Former President Donald Trump sued Democratic Michigan Secretary of State Jocelyn Benson on Monday to prevent her from keeping him off the state’s 2024 election ballot.

The lawsuit, filed in the Michigan Court of Claims, asks the court to issue an injunction barring Benson from removing him from the ballot and to find that she lacks the authority to decide whether or not he is qualified. Michigan is one of many states where a lawsuit has been filed to remove Trump from the ballot under Section 3 of the 14th Amendment, which bars officials who took an oath to the Constitution and then “engaged in insurrection” from holding office.

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Disney: DeSantis Administration Engaged in an Ongoing ‘Constitutional Mutiny’

The Walt Disney Company responded Monday to the state of Florida’s motion to get its lawsuit dismissed over what the company says is a violation of its free speech rights. 

The court filing in the U.S. District Court for the Northern District of Florida says that Gov. Ron DeSantis “and his allies are engaged in an ongoing constitutional mutiny,” adding that the state openly rejects the First Amendment rule that a state cannot use official powers to punish opposing political views.

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Julie Kelly Commentary: Trump Wants Cameras in the Courtroom but the DOJ Does Not, and They Are Ready to Fight About It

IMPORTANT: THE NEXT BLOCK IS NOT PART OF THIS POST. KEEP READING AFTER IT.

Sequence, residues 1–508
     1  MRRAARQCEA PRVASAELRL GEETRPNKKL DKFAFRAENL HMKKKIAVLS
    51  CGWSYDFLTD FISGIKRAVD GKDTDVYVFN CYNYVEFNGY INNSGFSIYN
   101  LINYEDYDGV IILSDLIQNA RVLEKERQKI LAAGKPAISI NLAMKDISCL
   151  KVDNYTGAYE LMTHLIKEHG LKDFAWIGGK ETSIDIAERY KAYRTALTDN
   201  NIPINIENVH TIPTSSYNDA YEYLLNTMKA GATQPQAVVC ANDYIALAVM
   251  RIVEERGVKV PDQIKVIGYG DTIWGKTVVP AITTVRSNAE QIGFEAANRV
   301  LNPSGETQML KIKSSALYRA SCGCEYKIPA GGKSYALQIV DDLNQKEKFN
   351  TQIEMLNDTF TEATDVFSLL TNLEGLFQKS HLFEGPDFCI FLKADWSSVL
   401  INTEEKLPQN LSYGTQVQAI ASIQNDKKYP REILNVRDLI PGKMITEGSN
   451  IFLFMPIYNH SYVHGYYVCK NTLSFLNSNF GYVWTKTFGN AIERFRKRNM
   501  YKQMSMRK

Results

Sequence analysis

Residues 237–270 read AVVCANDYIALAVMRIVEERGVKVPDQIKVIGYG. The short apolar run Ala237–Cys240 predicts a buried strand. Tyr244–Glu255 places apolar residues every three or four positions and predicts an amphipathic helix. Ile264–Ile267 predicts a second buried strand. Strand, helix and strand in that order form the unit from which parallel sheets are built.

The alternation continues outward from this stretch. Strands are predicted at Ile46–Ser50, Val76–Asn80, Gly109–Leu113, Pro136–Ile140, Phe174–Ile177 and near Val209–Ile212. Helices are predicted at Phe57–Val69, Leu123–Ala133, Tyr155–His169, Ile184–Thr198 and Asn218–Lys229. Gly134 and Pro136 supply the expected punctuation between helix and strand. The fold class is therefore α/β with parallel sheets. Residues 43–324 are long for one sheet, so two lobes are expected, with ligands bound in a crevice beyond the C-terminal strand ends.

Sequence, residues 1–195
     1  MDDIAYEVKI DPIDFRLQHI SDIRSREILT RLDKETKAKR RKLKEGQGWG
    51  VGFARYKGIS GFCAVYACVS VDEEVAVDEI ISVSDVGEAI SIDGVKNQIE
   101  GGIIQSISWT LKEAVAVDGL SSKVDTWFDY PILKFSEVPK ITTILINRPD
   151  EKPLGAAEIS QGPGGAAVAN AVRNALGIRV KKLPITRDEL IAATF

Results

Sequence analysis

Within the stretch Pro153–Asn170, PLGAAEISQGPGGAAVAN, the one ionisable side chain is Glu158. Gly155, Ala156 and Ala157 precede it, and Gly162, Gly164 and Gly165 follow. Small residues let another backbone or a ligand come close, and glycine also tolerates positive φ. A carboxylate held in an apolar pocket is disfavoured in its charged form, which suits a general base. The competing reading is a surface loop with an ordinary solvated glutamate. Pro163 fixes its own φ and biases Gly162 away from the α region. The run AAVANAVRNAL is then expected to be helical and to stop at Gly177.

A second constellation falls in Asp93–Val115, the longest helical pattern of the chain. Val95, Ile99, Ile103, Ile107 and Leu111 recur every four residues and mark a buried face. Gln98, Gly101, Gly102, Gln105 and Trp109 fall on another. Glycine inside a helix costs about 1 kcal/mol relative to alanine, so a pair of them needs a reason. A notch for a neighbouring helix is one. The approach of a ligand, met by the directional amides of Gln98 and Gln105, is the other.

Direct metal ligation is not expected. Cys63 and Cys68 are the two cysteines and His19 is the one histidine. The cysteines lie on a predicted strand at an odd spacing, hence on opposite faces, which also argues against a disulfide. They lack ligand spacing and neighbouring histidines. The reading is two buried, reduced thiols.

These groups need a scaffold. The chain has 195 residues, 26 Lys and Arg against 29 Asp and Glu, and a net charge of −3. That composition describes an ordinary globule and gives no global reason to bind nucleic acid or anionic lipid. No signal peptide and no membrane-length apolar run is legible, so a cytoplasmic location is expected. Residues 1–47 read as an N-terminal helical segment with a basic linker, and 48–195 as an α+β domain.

For nearly three years, the American people have received media-filtered coverage of court proceedings for January 6 defendants in the nation’s capital.

Pandemic-era rules enabled the public to access hearings by telephone during the early stages of the Department of Justice’s prosecution of Capitol protesters. But as the first jury trials commenced in the spring of 2022, phone-in lines for most D.C. courtrooms were shut down. Now anyone, including reporters, interested in covering the district court in Washington—where jury trials, plea agreements, and sentencing decisions for January 6 defendants take place—must attend in person. Electronic devices are not permitted in the courtroom; media rooms are often full for high-profile cases.

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Commentary: Tribalism and Democracy

This latest war between Israelis and Palestinians, growing worse by the day, has its origins in the horrific slaughter of civilians by Hamas terrorists on October 7. It’s accurate to condemn this atrocity and blame Hamas for starting the war. It’s also completely reasonable to make a value judgement. Islamofascism is the greater evil and must not prevail. It terrifies not only Israelis but also countless millions of Arabs throughout the Middle East and beyond.

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George Soros’ Foundations Doled Out Millions to Groups Behind Anti-Israel Protests, Rhetoric

Before the Israel-Hamas war began, a nonprofit called Adalah—The Legal Center for Arab Minority Rights in Israel routinely released reports and filed petitions in the Israeli Supreme Court accusing the government of serious misconduct.

One report alleged Benjamin Netanyahu’s administration was “instituting racial segregation” and engaging in “Judaization” through its housing policy. Another claimed that Israeli police forced had “total impunity” to kill Palestinians. A third unsuccessfully argued that Israel should lift its travel ban on a Palestinian sheikh previously arrested in 2003 over allegations of raising millions for Hamas. He entered a plea agreement which banned foreign travel and requires monthly check-ins. Most recently, he spent 16 months in prison after being convicted of “inciting to terror.”